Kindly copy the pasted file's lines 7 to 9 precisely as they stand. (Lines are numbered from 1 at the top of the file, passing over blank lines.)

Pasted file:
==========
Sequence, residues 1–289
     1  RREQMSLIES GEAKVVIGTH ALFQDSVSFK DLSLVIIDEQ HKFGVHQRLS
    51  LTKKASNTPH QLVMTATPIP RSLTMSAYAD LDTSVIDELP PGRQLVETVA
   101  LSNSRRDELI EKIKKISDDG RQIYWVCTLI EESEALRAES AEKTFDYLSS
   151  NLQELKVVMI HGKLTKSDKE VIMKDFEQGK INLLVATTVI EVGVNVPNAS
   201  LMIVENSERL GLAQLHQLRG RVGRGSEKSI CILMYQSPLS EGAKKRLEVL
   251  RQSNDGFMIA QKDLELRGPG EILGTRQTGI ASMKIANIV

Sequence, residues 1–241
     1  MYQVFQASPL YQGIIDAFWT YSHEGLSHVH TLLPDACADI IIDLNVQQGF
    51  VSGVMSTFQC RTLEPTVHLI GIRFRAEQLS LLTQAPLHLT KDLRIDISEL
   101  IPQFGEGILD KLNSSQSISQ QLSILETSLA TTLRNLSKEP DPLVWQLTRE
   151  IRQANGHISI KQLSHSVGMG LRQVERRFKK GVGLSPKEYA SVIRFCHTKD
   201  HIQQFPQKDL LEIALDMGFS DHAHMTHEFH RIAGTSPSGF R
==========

   251  RQSNDGFMIA QKDLELRGPG EILGTRQTGI ASMKIANIV

Sequence, residues 1–241
     1  MYQVFQASPL YQGIIDAFWT YSHEGLSHVH TLLPDACADI IIDLNVQQGF